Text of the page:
“I’ve got a really big screen in front of me and I try to fill the desktop with songs throughout the week. Then, I clear it off on Sundays,” says 32-year-old hip-hop producer Knxwledge from his home in Los Angeles. The beatmaker, born Glen Boothe, is describing the process by which he releases an unfathomable amount of music every month. He estimates that, on an average week, his desktop will fill up with “a few hundred joints,” many of them following the blueprint for which he’s become well-known: layered, deftly-sourced soul loops over hypnotic, lo-fi drum patterns. Each track takes him “a few minutes” to assemble; the longest he’s gone without recording a song is “probably not more than a day.” But despite his staggering discography—over 100 projects deep, and counting—there’s nothing slapdash about Boothe’s music. His second album for Stones Throw, the soothing 1988, pulses with gentle loops and warm, entrancing drums. “Music is my job for myself,” says Boothe. “I’m blessed enough that people love it, so I treat it as a regular job.”
That discipline is an outgrowth of Boothe’s younger years, growing up in the church in central New Jersey. Every week, after services finished, Boothe would have access to a treasure trove of instruments with which he could experiment. “I couldn’t really grasp any one instrument, so I tried everything,” he says. Noticing their son’s interest in music, Boothe’s parents gifted him an SP-303 drum machine when he was in middle school. “The whole music thing started there,” he recalls.
He soon set his sights on learning to program the 303. “Dude, that took forever!” he laughs. “For some reason, I have the patience to learn difficult software, but it was definitely tough to grasp [that machine], and make shit sound like what you want to.” Realizing the SP-303 was “just a tool—there’s nothing in there,” he started sampling the soul and gospel music he heard on the way to church. “I’d say my first steps were definitely looping. Then, I started sequencing those drums, and got into the software after that.”
Boothe announced his arrival on a four-track debut called 3P in 2009, with opening track “Bile(JustforU)” making use of of woozy soul samples that caress gently jittering drums. From there, his catalog grew to include not only his solo beat tapes, but also a revered series of remix projects, including a subset dedicated to Philadelphia spitter Meek Mill. Some of his beats have also been repurposed as instrumentals for rappers like Kendrick Lamar, Joey Bada$$, and Roc Marciano. After Lamar heard Booth’s song “So[rt]” during a photoshoot, he requested it for his upcoming To Pimp A Butterfly album. (It became Lamar’s song “Momma.”) “[My attitude is], if you wanna use it, I have the stems,” Boothe says, “So I can make it sound a thousand times better, and you guys have these engineers that will make it sound even better than my version.”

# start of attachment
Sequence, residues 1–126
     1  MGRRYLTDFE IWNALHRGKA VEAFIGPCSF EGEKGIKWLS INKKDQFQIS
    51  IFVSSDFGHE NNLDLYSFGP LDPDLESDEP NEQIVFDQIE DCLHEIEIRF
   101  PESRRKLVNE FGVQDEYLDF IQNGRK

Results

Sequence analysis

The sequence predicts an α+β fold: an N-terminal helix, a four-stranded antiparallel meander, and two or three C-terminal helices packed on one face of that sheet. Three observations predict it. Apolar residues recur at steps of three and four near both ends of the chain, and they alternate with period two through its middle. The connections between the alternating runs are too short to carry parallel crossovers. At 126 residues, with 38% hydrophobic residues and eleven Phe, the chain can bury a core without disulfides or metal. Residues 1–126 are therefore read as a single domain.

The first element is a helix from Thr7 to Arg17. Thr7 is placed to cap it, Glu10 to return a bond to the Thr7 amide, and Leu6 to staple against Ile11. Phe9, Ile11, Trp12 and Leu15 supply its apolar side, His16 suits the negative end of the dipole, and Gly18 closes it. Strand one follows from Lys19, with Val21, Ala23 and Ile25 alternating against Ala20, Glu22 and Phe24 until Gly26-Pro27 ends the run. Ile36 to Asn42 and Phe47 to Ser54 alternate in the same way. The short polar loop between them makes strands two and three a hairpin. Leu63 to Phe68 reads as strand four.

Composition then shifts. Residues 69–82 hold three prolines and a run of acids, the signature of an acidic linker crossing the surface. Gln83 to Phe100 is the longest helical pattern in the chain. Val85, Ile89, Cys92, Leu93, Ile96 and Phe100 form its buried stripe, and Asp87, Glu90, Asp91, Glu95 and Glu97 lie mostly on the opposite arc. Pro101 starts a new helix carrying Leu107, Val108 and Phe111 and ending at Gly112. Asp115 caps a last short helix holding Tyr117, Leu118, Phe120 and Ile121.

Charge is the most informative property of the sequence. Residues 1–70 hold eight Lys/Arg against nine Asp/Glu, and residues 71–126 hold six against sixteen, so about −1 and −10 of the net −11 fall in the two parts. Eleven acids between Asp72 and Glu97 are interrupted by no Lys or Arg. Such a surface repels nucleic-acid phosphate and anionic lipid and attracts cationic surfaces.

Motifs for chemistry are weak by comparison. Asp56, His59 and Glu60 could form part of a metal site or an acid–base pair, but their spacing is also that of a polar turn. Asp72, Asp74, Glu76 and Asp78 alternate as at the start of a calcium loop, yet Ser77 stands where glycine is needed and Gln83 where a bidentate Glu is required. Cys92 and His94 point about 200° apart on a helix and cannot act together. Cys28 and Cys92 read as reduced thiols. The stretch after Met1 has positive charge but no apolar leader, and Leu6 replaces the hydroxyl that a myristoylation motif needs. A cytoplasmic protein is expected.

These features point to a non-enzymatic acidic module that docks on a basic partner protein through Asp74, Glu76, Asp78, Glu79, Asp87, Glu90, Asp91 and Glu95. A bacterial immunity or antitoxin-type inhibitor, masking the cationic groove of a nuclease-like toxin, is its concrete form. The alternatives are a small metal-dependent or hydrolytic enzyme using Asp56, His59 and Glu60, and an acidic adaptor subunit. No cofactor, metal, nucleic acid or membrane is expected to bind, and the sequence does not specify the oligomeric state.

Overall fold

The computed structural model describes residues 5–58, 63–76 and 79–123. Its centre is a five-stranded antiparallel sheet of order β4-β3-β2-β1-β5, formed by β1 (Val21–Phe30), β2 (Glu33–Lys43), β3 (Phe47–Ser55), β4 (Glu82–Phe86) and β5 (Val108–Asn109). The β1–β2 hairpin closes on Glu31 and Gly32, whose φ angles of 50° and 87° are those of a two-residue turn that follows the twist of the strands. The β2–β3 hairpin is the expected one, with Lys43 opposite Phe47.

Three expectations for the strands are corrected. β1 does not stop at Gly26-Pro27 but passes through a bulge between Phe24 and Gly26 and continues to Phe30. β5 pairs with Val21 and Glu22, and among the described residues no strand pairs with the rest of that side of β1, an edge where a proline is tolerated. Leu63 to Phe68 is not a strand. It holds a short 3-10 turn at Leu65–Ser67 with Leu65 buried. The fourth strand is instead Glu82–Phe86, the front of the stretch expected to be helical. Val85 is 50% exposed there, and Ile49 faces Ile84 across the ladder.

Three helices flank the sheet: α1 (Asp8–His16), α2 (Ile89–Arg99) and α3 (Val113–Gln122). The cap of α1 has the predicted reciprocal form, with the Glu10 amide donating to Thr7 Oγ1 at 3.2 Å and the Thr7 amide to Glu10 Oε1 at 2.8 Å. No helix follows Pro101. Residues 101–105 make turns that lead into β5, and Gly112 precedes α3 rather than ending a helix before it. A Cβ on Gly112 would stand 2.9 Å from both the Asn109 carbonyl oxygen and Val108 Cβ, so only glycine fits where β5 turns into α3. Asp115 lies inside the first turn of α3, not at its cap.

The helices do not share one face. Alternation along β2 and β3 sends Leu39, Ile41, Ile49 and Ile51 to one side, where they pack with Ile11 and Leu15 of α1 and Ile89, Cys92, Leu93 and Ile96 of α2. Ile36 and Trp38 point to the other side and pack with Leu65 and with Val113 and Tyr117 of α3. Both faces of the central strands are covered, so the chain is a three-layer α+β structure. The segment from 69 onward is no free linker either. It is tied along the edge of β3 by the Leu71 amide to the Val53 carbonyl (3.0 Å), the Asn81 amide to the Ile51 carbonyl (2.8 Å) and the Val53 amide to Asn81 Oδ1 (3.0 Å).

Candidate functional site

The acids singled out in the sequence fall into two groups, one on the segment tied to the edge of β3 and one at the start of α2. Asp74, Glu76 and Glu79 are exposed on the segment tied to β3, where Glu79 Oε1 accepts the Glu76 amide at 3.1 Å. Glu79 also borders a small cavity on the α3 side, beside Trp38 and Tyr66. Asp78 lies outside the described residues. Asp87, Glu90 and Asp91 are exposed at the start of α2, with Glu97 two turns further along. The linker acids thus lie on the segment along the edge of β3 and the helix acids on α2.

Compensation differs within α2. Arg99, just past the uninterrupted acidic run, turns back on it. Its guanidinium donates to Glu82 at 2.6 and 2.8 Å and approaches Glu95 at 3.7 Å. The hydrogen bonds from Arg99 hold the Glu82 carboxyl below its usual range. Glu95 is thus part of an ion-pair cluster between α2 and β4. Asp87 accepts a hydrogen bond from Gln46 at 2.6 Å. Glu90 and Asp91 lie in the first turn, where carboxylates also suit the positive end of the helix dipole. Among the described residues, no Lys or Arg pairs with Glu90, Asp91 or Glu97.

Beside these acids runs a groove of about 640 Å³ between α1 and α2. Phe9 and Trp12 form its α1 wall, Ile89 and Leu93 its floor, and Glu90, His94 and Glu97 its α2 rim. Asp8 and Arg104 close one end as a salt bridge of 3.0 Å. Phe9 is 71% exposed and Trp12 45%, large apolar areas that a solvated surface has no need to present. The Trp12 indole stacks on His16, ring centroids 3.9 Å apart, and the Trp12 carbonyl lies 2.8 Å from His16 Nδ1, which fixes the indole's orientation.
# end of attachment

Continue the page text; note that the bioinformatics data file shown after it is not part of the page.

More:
Named for the year of his birth, 1988 is the perfect distillation of Boothe’s process. He created it on a home setup that includes Mellotron and Prophet keyboards, plus a monitor where he can play the Street Fighter V video game “to relax my brain for a second.” (Sagat is his character of choice.) The album opens with “dont be afraid”—all of the songs are titled in lowercase, and written without punctuation marks to make them easier to search online—on which a late-’80s soul vocal sinks into buoyant bass and wavering synths. The rest of the album is a mesmerizing series of sub-two-minute tracks that convey a similarly relaxed melodic texture. Boothe deliberately keeps his songs short, but takes pains to ensure they flow together seamlessly. “It usually takes a day or two listening to [an album] through, cutting track times down so it’s always looping forever,” he explains. “It’s kinda like my attention span: I always make it easy for you, just put it on repeat on a loop perfectly, no problem.”
Boothe admits that cataloging and keeping track of such a cavernous discography can be a challenge. He finally got a computer that, “can process everything fast, so I’m backing shit up a lot of the time, but it’s tough.” But he has no plans to slow down his creative tendencies. “I just keep it moving, honestly,” he says when asked what he usually does after finishing up a song. “That’s why there’s so many projects. I can’t really dwell on tracks too much. Just gotta keep looking for more sounds.”